LANDHOLDERS along the Campaspe River say they are frustrated by the continued release of industrial trade waste water from the Kyneton Water reclamation plant.
Coliban Water has confirmed the release of this low quality water - known as Class C water - into the Campaspe River will continue until further notice, as it continues to struggle with storage capacity at its Kyneton Water Reclamation Plant.
Landowner Sallyanne Craig said the release of treated industrial waste water was a breach of community trust.
Ms Craig said she only received a contamination warning letter six days after the release of the Class C water began.
Coliban Water did not confirm the date it sent a letter warning residents of the release of Class C treated water when asked by the Bendigo Advertiser.
The EPA warned residents on June 6 not to drink the Campaspe River's water, or use it for stock and domestic purposes downstream of the Kyneton Water Reclamation Plant.
"If we were dependent on river water for those essential things, washing and livestock and so forth we would have been seriously compromised in terms of health," Ms Craig said.
Ms Craig said residents were frustrated, distressed, and worried, given the EPA warnings against using the water.
Coliban Water acting managing director Neville Pearce said the Campaspe River flows now met the dilution level required by Coliban's licence, because of higher flows in the waterway.
Mr Pearce said Coliban Water would continue to monitor water quality in the Campaspe River. He said there were several sources of contamination to the river, including urban storm water.
Coliban Water began the release of Class C water on June 6. The release does not comply with the requirements of Coliban Water's licence. It has not been approved by the Environment Protection Authority.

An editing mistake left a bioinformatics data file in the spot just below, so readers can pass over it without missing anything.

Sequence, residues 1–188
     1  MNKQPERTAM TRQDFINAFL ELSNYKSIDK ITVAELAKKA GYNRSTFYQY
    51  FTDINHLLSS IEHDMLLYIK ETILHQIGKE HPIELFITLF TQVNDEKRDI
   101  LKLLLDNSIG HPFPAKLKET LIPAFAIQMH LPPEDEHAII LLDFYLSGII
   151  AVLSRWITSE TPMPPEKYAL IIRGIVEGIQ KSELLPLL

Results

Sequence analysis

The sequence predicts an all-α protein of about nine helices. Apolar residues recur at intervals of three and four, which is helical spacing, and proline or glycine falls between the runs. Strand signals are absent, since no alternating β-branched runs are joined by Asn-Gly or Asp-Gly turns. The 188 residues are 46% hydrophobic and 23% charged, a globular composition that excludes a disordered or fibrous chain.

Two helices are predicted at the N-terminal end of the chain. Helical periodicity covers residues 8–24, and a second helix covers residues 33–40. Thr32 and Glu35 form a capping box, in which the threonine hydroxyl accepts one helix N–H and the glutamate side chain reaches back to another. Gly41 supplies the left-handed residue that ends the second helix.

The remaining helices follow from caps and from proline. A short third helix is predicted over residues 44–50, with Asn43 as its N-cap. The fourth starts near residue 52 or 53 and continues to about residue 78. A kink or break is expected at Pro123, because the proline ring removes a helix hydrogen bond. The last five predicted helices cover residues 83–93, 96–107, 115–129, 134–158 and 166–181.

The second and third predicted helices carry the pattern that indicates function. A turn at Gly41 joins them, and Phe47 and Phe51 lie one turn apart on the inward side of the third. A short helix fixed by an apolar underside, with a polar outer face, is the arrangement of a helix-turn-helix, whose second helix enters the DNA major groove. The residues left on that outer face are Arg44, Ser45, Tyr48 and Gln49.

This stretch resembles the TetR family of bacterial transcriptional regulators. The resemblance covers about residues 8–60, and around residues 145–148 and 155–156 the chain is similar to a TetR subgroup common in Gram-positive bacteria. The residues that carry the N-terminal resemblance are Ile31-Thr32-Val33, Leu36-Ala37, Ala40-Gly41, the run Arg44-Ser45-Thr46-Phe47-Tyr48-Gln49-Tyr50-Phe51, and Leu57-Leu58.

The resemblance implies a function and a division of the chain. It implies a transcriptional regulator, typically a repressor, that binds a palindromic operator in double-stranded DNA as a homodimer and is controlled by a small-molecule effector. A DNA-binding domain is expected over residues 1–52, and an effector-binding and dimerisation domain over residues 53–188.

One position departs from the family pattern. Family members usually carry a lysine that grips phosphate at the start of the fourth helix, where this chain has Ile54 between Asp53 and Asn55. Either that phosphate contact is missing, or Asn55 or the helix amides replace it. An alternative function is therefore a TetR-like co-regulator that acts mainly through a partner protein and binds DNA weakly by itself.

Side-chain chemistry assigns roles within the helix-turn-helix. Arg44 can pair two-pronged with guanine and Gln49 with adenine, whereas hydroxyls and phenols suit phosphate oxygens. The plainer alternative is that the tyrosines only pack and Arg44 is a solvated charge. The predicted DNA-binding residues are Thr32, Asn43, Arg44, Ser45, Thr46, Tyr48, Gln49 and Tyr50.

In April Coliban Water told the Bendigo Advertiser it had no plans to release treated Class C water straight into the Campaspe River in 2019.
It previously released water that did not meet the quality requirements of its licence in 2016 and 2018. It has also released water into Snipes Creek - not covered by its licence - six times.
Farmer Huntly Barton said he had relied on water from the Campaspe River for over 50 years.
Mr Barton said the contaminated water supply had forced him to sink a bore to supply his stock. He hasn't got the bill yet, but he's expecting it will cost about $7000, plus the cost of a pump.
He said the water was too "minerally" to use in the house, so he also had needed to buy water tanks for domestic supply, costing several thousand.
Mr Barton said he was nearly at the point where he would have to buy water to be trucked in because he couldn't use the river water any more.
He said the contamination has cost him money and time.
"It's meant I've had to bloody well fork out, I think I'm probably up to 15 grand, and all my weekends are [spent] trying to solve the problem to reduce the costs," he said.
"I can't use it for anything. I've closed off the paddock where the stock went. I can't use it full stop."
Minister for Water Lisa Neville and Minister for Energy, Environment and Climate Change Lily D'Ambrosio were approached for comment for this piece.
In response a government spokesperson said Coliban Water was working with the EPA on a sustainable solution the the problem.
"Releasing Class C water is not a decision that is made lightly - it is a necessary action to protect both the surrounding environment and the treatment plant itself," the spokesperson said.
"EPA is investigating how the situation occurred and can require Coliban complete upgrade works to their facilities to address risks and ensure they comply with their licence."
"A number of projects are already underway to significantly reduce the need for discharges and help to offset the environmental impact if releases are deemed to be necessary."
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